Amid questions raised by the Congress party over purchase of French fighter aircraft Rafale by the Centre, the Indian Air Force (IAF) on Thursday asserted that “no overpricing” was done in buying the aircraft and the government had “negotiated a very good” deal.
While talking to media at the Adampur Air Force station, Chief of Air Staff Air Chief Marshal BS Dhanoa said, “It is not overpricing... We have negotiated for 36 French fighter aircraft Rafale (at a price) lower than that in the contract. The government has negotiated a very good deal.”
Pitching it as a great deal, Dhanoa told that it was a “government-to-government contract” and the IAF was getting 36 Medium Multi-Role Combat Aircraft (MMRCA) at a greatly “negotiated price”.
“It is definitely a better deal. It is lower than what was there in the MRMCA contract,” he said without going into specifics.
The Rafale deal has been the focus of debate with Congress leader Rahul Gandhi accusing the Prime Minister of changing the “entire deal” to benefit a businessman, a charge debunked by the ruling BJP.
The Congress also claims technology is not being transferred to India under the deal.
Dhanoa said two aircraft had been purchased in a fly-away condition as an emergency measure.
“We are getting 50 per cent offset,” he said, without elaborating.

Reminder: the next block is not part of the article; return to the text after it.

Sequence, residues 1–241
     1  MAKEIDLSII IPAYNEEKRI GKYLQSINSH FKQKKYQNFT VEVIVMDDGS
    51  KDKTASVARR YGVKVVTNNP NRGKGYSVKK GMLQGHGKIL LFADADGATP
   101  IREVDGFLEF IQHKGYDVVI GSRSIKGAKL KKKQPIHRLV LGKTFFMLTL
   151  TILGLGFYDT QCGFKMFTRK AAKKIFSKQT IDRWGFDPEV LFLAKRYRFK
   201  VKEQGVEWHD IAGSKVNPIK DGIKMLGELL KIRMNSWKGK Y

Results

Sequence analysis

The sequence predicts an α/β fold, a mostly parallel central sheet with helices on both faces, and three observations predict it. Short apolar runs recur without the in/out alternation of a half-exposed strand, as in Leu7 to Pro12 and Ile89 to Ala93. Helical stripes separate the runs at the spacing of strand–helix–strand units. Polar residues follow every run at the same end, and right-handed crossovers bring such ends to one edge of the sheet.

On technology transfer, he said, “Technology may not be going to the Hindustan Aeronautics Ltd (HAL) but it is coming to the Defence Research and Development Organisation (DRDO) and then to a lot of Indians”.
The IAF chief said a plan was in place to deal with the “drop-down”—or dip—in IAF squadrons.
He said the government had ordered two squadrons of Su 30.
“The drop-down will be made up by two Rafale, two Su 30, two LCA squadrons and 80 more aircraft which will give four more squadrons,” he said.
The government has authorised 42 squadrons to the IAF and at present there are 33.
He, however, added that the drop-down did not affect the performance of the force.
“It does not mean that we cannot carry out operations. We can do restricted operations. For carrying out full-spectrum operations the IAF needs a certain amount of force,” he said.
“There was an order of 272 aircraft and once again we were 35 short by March 2017,” he said.
Dhanoa said a contract was signed in March 2006 for 20 Tejas aircraft to be delivered between April 2009 and December 2010.
“Out of these 20 aircraft, only five were received ... Again a contract was signed in December 2010 for 20 more aircraft to be delivered between June 2014 and December 2016. So we have already committed to 40 aircraft in addition to 83 more Tejas,” he said.
He said the IAF would induct Mark 2 fighters with higher thrust engines and new weapons by 2027.
Shortcomings in LCA Mark 1 will be removed in the LCA Mark 1A aircraft and then Mark 2 will be manufactured, he said.
“Gradually we will make advanced Medium Combat Aircraft, moving from low medium to high technology aircraft,” he said.